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Do you actually know how to code?

Photo by Charlotte May from Pexels || Photo by 현덕 김 from Pexels

I’m currently focusing on algorithms and data structures, important subjects that are the central focus of technical tests. A technical test is a significant hurdle programmers are often required to clear before they land a coveted tech role. Algorithms and data structures are pretty much the sole content of these tech exams.

Today I’d like to discuss one of the earliest algorithms I encountered at the beginning of my tech journey, FizzBuzz. According to Wikipedia, FizzBuzz originated as a children’s word game that taught them division. Players take turns counting replacing numbers divisible by three with Fizz, numbers divisible by five with Buzz, and numbers divisible by three and five with FizzBuzz.

Imran Ghory is credited with converting this children’s game into a technical challenge to determine if programming job candidates could actually code.

The FizzBuzz task as presented by Imran himself:

Write a program that prints the numbers from 1 to 100. But for multiples of three print “Fizz” instead of the number and for the multiples of five print “Buzz”. For numbers which are multiples of both three and five print “FizzBuzz”.

When solving algorithms, it helps to write pseudocode as you work through the problem. It’s also a good idea to talk out loud while you’re practicing because when you are being interviewed, you’re expected to explain your thought process to your interviewer(s).

So first, to clarify the challenge I’d write and ask the following:

Print numbers 1 to 100
(Include the numbers 1 and 100 in the count?)
Multiples of 3 = Fizz
Multiples of 5 = Buzz
Multiples of 3 & 5 = FizzBuzz

This pseudocode breaks the problem down in a way that you can start to see how it will look in code. For example, to determine multiples of a number, our code will look something like this:

10 % 5 === 0

This statement is true because 10 is divisible by 2 and has a remainder of 0.

10% 3 === 0

This would be false because 10 divided by 3 would have a remainder which is not 0.

Quite often you’re allowed to use your language of choice during technical interviews. I’m going to use JavaScript. First I would quickly declare a function and set up a loop to count from 1 to 100 (and assume the numbers 1 and 100 are included). Loops are used to run the same code over multiple times and get a different value after each loop.

A function named fizzbuzz is declared and contains a for loop with a starting number (num) set to 1. So the count will include one and count up by 1 using num++ to go through each loop. To ensure the number 100 is included, I set the count to continue as long as it’s less than 101. Now I’ll use an if statement inside of the for loop to get the specified output. If I wrote this function in the order the task presented, I would set it up to print numbers first, then check for multiples of 3, then check for multiples of 5, and finally check for multiples of 3 & 5. NOTE I’m testing it on a smaller number (less than 16 instead of 101)for demonstration purposes. So the function would look like this:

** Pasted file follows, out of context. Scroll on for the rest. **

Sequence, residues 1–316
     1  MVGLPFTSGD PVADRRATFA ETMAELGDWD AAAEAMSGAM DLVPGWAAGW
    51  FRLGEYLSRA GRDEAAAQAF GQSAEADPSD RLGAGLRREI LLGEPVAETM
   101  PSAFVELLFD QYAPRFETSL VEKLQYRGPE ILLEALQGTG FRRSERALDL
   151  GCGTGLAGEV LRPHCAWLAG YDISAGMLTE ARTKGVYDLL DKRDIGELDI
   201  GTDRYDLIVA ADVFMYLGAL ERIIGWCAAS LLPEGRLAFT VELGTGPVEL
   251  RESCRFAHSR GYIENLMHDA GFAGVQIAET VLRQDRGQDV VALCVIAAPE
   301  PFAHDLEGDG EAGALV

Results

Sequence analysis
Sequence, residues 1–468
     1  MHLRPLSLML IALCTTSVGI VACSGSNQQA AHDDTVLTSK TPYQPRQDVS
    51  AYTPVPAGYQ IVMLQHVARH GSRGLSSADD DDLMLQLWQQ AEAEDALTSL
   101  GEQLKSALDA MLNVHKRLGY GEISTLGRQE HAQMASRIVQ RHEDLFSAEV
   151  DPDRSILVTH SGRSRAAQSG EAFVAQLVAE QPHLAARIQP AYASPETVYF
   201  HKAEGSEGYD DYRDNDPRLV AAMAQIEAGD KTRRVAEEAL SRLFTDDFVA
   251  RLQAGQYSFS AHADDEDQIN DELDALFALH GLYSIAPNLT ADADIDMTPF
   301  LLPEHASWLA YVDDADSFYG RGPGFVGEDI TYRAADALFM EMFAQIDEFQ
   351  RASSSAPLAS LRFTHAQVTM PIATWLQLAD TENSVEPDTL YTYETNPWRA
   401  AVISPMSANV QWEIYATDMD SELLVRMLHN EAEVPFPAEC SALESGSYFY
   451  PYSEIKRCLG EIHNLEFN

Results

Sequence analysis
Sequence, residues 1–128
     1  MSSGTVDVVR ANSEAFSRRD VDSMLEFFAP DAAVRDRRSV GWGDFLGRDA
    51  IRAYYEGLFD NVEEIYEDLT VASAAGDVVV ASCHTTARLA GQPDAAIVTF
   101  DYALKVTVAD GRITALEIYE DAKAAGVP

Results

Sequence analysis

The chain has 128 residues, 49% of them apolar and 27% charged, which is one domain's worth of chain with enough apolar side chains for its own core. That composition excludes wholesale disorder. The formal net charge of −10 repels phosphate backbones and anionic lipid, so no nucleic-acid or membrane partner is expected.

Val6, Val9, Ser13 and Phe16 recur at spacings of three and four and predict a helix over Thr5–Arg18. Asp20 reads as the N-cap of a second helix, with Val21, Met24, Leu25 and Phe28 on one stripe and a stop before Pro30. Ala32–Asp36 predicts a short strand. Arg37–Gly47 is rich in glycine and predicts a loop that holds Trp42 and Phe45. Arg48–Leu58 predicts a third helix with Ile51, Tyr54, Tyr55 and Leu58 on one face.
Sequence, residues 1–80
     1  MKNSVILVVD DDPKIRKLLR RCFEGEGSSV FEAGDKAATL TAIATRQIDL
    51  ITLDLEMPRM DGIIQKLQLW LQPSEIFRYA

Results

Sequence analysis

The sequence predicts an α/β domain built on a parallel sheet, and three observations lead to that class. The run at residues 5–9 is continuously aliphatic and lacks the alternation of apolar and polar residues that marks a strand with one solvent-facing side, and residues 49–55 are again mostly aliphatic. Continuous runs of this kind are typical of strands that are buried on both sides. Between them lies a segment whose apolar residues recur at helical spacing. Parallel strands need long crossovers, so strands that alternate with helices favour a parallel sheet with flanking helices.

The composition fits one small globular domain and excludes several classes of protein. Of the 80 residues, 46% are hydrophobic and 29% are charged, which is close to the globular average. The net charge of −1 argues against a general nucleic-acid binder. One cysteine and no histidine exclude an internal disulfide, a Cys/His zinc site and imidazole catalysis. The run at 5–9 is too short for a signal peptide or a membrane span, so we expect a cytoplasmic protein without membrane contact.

My function is written on the left and I called it at the bottom left with fizzbuzz( ) and the result on the right is a count of all numbers (no Fizz, Buzz, nor FizzBuzz) starting with 1 at the top all the way down to 15. So we see right away that this function failed because Fizz should have replaced number 3, Buzz should have replaced number 5, etc. This indicates that my actual code does not necessarily follow the order of my pseudocode. I have to use logic to rearrange things to ensure the correct out put.

So it looks like we’ll have to put in some checks before we print out our numbers to ensure we catch the number cases that will trigger Fizz, Buzz, & FizzBuzz. So our initial refactor could be to place the console.log for num at the end of the if statement to ensure all the other checks happen first:

Okay, it looks a lot closer to what we’re after. We see numbers 1 & 2 listed since neither is divisible by 3 nor 5. And we have Fizz for 3 because it’s divisible by 3, then 4 is listed since it’s not divisible by 3 nor 5, and Buzz for 5 because it’s divisible by 5 and so on. Everything looks in order until we get to the final Fizz which is substituted for the number 15. This is a problem because 15 is divisible by 3 & 5. So this should be FizzBuzz and not just Fizz.

We need to do another refactor. We need to check for FizzBuzz numbers before we check for Fizz and before we check for Buzz:

We did it! FizzBuzz is printed for 15. Now we put the 101 limit back in our count so it will go all the way up to and include 100:

My screen isn’t large enough to show the full resulting count from 1–100 but looking at the end of the count, we see that the 100 place is included and it’s substituted with Buzz because 100 is divisible by 5. We also see numbers 75 and 90 are represented by FizzBuzz because they’re both divisible by 3 & 5. So the function is working properly. We’ve conquered FizzBuzz!

We passed Imran’s screening test; we can actually code. That means now we have a shot at landing a coveted tech role!




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Wendy Raven McNair

Wendy Raven McNair

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